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From Jonathan Ellis <>
Subject Re: [Q] MapReduce behavior and Cassandra's scalability for petabytes of data
Date Mon, 25 Oct 2010 16:37:39 GMT
On Sun, Oct 24, 2010 at 9:09 PM, Takayuki Tsunakawa
<> wrote:
> From: "Jonathan Ellis" <>
>> (b) Cassandra generates input splits from the sampling of keys each
>> node has in memory.  So if a node does end up with no data for a
>> keyspace (because of bad OOP balancing for instance) it will have no
>> splits generated or mapped.
> I understood you are referring to StorageService.getSplits(). This
> seems to filter out the Cassandra nodes which have no data for the
> target (keyspace, column family) pair.


> [Q1]
> I understood that ColumnFamilyInputFormat requests the above node (or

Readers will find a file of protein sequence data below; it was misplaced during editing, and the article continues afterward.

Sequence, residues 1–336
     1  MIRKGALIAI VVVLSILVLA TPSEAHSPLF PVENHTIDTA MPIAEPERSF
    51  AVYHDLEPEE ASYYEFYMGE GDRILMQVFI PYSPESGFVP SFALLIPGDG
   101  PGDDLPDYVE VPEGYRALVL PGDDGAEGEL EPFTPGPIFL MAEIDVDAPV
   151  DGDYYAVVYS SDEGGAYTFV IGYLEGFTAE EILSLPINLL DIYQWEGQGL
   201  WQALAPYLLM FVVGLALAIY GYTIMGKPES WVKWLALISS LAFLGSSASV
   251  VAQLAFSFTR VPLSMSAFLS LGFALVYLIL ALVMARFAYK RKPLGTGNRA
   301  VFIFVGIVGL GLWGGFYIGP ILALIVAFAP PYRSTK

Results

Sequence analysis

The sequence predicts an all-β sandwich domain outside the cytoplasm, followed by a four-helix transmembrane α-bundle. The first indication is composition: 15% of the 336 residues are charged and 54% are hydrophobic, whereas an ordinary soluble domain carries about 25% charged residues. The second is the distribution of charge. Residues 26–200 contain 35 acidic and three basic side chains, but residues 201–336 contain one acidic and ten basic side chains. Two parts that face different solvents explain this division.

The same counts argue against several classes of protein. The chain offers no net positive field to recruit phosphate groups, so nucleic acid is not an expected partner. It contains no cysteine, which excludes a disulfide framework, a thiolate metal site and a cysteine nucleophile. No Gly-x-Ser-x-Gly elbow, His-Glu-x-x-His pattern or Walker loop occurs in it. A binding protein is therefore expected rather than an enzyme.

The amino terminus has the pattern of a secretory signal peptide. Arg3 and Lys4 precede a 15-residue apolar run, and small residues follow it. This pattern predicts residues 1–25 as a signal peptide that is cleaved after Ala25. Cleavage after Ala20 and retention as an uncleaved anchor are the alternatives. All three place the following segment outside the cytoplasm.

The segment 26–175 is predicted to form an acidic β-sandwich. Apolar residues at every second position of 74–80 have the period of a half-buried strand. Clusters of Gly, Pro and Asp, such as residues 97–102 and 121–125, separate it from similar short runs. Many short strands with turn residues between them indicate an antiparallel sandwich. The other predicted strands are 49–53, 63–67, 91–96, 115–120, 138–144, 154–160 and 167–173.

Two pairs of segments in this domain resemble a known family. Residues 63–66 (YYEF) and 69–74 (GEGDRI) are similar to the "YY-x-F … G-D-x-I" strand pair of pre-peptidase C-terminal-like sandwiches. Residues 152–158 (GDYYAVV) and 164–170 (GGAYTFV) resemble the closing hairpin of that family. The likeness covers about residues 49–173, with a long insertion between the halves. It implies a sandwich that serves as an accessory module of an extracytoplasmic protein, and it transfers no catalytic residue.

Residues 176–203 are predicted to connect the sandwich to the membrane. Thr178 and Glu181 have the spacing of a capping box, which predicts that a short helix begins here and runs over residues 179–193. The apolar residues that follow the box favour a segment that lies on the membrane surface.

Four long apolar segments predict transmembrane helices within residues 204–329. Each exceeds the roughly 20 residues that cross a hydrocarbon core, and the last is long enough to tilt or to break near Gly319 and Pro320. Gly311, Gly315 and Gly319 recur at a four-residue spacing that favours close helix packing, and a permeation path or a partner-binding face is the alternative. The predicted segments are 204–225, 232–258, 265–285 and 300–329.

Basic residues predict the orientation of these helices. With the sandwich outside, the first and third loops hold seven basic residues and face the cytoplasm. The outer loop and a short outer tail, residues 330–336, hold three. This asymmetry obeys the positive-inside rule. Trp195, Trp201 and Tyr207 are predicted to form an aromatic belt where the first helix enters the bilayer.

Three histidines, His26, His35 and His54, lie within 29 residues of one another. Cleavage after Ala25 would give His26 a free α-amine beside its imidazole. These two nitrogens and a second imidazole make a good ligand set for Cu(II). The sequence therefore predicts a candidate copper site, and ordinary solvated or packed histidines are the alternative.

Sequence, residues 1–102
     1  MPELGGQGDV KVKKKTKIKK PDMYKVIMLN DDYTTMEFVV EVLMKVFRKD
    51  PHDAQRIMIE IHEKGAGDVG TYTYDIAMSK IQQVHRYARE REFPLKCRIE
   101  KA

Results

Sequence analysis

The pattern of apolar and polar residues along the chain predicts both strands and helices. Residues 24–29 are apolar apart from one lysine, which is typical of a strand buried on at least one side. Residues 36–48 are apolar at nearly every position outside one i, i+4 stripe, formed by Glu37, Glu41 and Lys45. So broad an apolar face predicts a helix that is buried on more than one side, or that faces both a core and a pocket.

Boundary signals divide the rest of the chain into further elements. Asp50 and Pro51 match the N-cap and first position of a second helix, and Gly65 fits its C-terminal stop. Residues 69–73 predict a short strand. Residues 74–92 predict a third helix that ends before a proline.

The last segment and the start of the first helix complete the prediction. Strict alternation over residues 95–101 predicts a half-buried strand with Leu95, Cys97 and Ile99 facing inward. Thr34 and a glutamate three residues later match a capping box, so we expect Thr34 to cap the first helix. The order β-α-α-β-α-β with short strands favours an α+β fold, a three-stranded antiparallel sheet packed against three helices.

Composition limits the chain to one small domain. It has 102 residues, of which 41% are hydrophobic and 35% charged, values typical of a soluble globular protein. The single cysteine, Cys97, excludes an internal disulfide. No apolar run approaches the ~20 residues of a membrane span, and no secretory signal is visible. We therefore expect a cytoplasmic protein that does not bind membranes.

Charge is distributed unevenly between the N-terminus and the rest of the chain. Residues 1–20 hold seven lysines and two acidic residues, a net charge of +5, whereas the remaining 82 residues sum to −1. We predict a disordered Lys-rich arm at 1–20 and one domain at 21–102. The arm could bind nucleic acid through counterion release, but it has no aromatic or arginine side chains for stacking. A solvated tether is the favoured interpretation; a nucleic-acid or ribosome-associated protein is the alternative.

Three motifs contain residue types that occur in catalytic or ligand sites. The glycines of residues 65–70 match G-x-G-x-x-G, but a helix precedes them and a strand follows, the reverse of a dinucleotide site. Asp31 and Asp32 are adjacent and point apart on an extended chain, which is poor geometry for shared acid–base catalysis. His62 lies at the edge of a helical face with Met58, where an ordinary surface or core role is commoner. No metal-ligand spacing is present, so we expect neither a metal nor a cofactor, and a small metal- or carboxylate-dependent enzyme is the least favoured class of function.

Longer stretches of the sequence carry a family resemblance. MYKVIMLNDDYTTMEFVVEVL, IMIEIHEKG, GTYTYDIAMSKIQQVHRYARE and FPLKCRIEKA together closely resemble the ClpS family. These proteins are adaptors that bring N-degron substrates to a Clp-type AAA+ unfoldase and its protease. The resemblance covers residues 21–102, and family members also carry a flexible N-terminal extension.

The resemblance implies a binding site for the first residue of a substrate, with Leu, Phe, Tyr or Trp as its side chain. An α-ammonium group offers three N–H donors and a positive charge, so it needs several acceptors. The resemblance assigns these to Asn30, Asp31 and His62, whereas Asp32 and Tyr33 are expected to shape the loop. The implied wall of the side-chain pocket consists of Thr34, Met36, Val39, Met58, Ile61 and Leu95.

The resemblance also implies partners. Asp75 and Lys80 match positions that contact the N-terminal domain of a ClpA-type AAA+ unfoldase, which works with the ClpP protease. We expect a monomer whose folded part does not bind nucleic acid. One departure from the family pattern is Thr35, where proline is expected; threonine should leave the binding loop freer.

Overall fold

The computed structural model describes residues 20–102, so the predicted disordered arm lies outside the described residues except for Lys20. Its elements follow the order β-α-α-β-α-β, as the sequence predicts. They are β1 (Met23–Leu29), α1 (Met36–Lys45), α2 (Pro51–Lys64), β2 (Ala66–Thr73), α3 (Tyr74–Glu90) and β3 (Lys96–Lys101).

> split) filtering to all nodes in the cluster. Is this correct?


> [Q2]
> If Q1 is yes, more nodes result in higher cost of MapReduce job
> startup (for executing InputFormat.getSplits()).

Not really:
 1) Each node has a sample of its keys in memory all the time for the
SSTable row indexes.  So getSplits() is a purely in-JVM-memory
 2) Each node computes its own splits.  Adding more nodes does not change this.

> [Q3-1]
> How much data is aimed at by the 400 node cluster Riptano is planning?
> If each node has 4 TB of disks and the replication factor is 3, the
> simple calculation shows 4 TB * 400 / 3 = 533 TB (ignoring commit log,
> OS areas, etc).

We do not yet have permission to talk about details of this cluster, sorry.

> [Q3-2]
> Based on the current architecture, how many nodes is the limit and how
> much (approximate) data is the practical limit?

There is no reason Cassandra cannot scale to 1000s or more nodes with
the current architecture.

Jonathan Ellis
Project Chair, Apache Cassandra
co-founder of Riptano, the source for professional Cassandra support

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